Neurofeedback Impacts on Addiction

According to the U.S. Substance Abuse and Mental Health Services Administration, addiction is currently one of the most significant health and social problems in America, affecting ~12.5% of the population. Medical costs can be up to 300% higher for an untreated alcoholic than a treated alcoholic. Other costs to society have reached almost $500 billion, taking into account unemployment, lost productivity, increased crime and justice system/incarceration costs, health care system strain, increased insurance costs, child abuse/neglect and even workplace violence. It is estimated that every dollar spent on treatment saves $4–$7 in costs from drug-related crime and can help reduce the spread of infectious diseases.

A recent study in the journal Biofeedback explored genetic factors that contribute to addiction, in particular, phenotypes related to two main underlying brain patterns contributing to addiction: nervous system overstimulation and cingulate (obsessive-compulsive) issues. A phenotype is a pattern of gene expression: Just because a gene is present does not mean it is expressed; therefore these patterns may result in different biological/behavioral outcomes. Neurofeedback treatment was designed based on phenotype alone (applied to addiction in this study) and implemented in a biopsychosocial treatment program (which also included brain recovery exercises, nutrition and counseling).  Electroencephalography (EEG) was used to measure quantifiable results, i.e., changes in brain activation patterns.

This type of treatment has the potential to change lives. Jerry, diagnosed with addiction, schizophrenia and developmental delays, entered the program with the goal of going to college. According to EEG results, the schizophrenia diagnosis was incorrect. After 13 months of treatment, his cognitive function increased by 44%, his semantic memory systems improved, and “his developmental and learning problems were resolved.” He is now an A student in college and has been sober for two years. Other case studies showed decreased beta levels (reducing cortical excitability), increased cognitive function by 44%–48%, stabilized impulse control, and abstinence up to 18 months at time of publication. It should be noted that this was a small (30 person), non-controlled pilot-study program; therefore the results are not statistically significant, and the authors make no claim for treatment efficacy based on this study alone. It does, however, provide promising information on which to base a more rigorous, controlled study.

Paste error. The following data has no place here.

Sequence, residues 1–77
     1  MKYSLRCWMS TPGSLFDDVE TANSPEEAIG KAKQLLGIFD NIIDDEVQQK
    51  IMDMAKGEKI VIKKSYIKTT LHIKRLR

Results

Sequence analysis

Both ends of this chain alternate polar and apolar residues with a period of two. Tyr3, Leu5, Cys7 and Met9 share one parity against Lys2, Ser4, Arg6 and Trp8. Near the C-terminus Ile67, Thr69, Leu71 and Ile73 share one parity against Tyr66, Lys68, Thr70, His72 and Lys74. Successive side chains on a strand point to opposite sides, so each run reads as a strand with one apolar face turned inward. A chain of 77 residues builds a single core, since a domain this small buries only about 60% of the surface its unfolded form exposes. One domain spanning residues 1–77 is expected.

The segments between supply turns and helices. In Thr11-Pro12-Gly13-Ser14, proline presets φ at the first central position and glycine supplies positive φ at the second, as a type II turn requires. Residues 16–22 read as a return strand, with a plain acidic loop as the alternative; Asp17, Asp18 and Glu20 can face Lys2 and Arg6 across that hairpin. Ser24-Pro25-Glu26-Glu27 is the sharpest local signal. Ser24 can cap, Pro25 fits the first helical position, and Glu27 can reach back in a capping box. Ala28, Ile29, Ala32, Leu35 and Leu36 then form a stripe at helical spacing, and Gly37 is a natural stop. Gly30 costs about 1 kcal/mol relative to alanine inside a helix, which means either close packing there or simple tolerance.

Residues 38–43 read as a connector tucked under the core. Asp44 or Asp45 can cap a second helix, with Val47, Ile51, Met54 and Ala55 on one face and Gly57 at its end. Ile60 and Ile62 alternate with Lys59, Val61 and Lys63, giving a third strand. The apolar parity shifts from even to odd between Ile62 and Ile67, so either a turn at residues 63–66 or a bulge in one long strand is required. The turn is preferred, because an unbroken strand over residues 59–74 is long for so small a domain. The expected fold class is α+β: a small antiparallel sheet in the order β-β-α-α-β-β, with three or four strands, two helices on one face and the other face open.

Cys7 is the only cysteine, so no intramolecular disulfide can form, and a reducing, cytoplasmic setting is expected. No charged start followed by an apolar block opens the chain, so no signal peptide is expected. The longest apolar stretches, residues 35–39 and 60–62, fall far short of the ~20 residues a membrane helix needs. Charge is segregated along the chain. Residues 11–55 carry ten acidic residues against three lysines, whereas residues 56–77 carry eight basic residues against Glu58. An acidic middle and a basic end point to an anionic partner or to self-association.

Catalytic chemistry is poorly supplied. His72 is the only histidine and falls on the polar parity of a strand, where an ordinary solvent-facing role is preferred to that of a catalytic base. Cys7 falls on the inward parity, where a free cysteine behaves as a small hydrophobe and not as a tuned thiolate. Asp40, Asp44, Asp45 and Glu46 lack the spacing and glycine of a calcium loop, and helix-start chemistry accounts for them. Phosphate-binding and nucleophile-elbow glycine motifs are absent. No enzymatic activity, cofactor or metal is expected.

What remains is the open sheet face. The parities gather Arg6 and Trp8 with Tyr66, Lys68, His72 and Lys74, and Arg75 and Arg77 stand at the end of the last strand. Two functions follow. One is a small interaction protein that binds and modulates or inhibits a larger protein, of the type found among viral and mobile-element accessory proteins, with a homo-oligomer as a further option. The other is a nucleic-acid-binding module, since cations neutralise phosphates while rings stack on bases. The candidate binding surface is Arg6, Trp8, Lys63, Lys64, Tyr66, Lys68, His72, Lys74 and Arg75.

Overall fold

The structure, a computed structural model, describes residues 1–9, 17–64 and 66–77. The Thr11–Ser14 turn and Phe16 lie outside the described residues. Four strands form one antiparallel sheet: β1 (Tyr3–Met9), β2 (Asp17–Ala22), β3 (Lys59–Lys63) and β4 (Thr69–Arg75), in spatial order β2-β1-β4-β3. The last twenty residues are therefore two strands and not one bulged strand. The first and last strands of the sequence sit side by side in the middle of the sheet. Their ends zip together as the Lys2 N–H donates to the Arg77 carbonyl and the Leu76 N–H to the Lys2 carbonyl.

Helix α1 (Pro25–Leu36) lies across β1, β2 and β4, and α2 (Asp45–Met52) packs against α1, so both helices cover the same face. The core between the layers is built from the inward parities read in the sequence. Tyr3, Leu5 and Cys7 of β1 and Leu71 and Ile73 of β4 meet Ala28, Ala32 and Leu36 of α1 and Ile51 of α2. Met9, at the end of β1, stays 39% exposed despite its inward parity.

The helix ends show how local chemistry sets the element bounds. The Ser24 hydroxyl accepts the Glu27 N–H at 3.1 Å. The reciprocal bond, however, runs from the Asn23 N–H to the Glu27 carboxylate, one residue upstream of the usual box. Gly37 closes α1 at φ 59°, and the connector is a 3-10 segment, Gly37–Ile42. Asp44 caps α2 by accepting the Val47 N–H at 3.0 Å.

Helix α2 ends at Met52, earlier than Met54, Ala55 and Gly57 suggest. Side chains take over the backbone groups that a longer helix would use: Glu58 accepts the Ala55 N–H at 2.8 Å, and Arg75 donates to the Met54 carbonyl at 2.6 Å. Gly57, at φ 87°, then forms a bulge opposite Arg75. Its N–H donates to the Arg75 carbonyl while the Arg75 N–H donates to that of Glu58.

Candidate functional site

To read the entire study “Clinical Outcomes in Addiction: A Neurofeedback Case Series,” click here:


Biofeedback is published four times per year and distributed by the Association for Applied Psychophysiology and Biofeedback, which is dedicated to advancing the development, dissemination and utilization of knowledge about applied psychophysiology and biofeedback to improve health and the quality of life through research, education and practice. For more information, visit

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